Massive landslide drags 8 homes into sea in Alta, Norway


Eight houses have been swept into the sea as a massive landslide hit Alta, Norway, on June 3, 2020. Norwegian Water Resources and Energy Directorate (NVE) engineer Anders Bjordal said the slide was 650 m (2 133 feet) wide and 150 m (492 feet) deep.

Bjordal was called to the scene at 14:00 UTC (16:00 LT) to assist the police and rescue team. Among the houses destroyed were four cabins used as holiday homes.

A dog had also been swept away into the sea but was eventually rescued by a helicopter from the 330th Squadron.

One resident named Jan Egil Bakkeby, who was able to film the terrifying event, said he and his wife noticed a crack in the downslope from his home Tuesday, June 2, prior to rainy conditions.

"We saw a large and deep crack in the road below the cabin. We were a bit skeptical, but still chose to stay overnight."

"At first I thought there was someone in the loft, but then I saw out of the window that the power cord was smoking and then I saw that it was raining."

As the landslide happened, he fled from his cabin, climbed the hill, and took footage of the landslide.

"I stormed out and fled up the mountainside where I saw it all from a distance," he continued. "You could say I ran for my life."

"We thought maybe the road would crash, but not that the whole cabin would go."

The homes were situated on clay soil, which becomes weak in wet conditions.

YouTube video

YouTube video

There were no injuries reported as all people have been evacuated from the buildings.

Mudslides of this scale "seldom happen in Norway, maybe every one or two years," said Bjordal. "Here in Alta, there has never been a slide that big,"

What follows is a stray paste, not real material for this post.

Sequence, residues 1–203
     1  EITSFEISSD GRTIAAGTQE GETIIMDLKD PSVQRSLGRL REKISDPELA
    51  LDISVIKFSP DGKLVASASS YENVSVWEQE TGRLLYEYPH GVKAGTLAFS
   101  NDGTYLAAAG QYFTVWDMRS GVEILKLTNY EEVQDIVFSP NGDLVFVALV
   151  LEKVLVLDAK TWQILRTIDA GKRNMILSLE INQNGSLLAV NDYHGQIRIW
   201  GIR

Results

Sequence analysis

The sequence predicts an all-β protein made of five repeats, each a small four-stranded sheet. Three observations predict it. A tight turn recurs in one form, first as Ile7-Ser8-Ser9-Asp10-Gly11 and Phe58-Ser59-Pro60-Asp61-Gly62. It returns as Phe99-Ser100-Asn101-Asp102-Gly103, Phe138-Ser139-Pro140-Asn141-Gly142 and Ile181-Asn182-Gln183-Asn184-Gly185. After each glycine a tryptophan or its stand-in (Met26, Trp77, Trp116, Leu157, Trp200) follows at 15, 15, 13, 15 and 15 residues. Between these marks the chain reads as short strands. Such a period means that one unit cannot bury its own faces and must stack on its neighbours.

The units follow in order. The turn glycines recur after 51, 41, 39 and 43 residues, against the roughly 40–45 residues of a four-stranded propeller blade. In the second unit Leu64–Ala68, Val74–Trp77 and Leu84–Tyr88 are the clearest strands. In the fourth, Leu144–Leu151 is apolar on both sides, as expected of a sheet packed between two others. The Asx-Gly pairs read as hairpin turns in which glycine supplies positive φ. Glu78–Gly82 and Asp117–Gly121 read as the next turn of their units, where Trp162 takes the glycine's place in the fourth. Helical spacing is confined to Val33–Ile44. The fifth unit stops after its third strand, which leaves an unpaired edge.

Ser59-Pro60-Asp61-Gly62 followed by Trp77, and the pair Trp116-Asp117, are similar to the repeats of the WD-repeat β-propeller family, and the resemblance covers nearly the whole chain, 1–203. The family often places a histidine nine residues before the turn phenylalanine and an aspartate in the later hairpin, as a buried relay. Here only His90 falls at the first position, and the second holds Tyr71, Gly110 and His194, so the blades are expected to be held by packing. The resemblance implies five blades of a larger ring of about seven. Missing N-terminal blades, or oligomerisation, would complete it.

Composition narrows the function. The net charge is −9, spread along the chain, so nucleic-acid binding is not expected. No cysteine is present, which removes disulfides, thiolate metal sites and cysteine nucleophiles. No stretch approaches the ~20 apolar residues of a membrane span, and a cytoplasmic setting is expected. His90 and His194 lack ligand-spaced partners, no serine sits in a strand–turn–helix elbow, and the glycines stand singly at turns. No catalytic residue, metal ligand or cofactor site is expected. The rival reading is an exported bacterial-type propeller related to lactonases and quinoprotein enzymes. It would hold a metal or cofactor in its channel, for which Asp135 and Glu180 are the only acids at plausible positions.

Officials will be monitoring the land for further movement over the following days, as well as the sea and seabed level. Next week, officials will take soil measurements, he added.

The far end of the cape where the landslide took place was closed off Thursday, June 4. "The extent of the damage is considerable, and there's a lot of debris," said Alta mayor Monica Nielsen.

Work is underway to make sure the rubble does not end up in shipping lanes.

Dr. Dave Petley of The Landslide Blog stated that footage of the landslide confirmed that a substantial failure occurred before the main Alta clay landslide.

"There is a large vacated scar in the background, whilst in the foreground, slumping has developed," he wrote.

"First, further failures have developed even after the viral video was captured. In particular, the landslide has developed laterally, so that a larger portion of the coast has now been affected"

Petley also noted that the footage captured a small retrogressive landslide in the rear scarp of the mudslide. "Notable here is the highly mobile nature of the failed material," he continued.

The material was sufficiently strong to stand in an almost-vertical scarp, but once failed, flows like a fluid. "This is a good illustration of the very challenging geotechnical properties of quick clay."

The caption on the uploaded footage says that NVE has reported a minor landslide in this area on May 29, a few days before the major landslide.

Local media reports also said several smaller landslides took place after the main incident, and the instability went on for several hours.

NVE has warned of the possibility of more landslides in the country. "It’s important to stress that there’s still a lot of snow in the mountains," said NVE hydrologist Bjorn Sonju-Moltzau on Thursday.

"We’ve only gotten rid of around half of it. That means we still have the rest of it in the central and northern parts of the country."

Meteorologists forecast a lot of rain in the southern region, heightening the risk of mudslides.

Featured image credit: Jan Egil Bakkeby


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One Comment

  1. The Storega slides, along the coast of Norway around 6,200 BCE, generated megatsunamis across the North Sea and beyond. These Iceland-sized landslides tumbled a thousand miles out to sea as a result of, guess what, frozen methane clathrate boiling off as warmed up methane gas 64 times more voluminous, that split off whole ridgelines along the Norwegian coast.

    Can we expect global warming to generate such megatsunami along rocky Arctic coasts around the world ?

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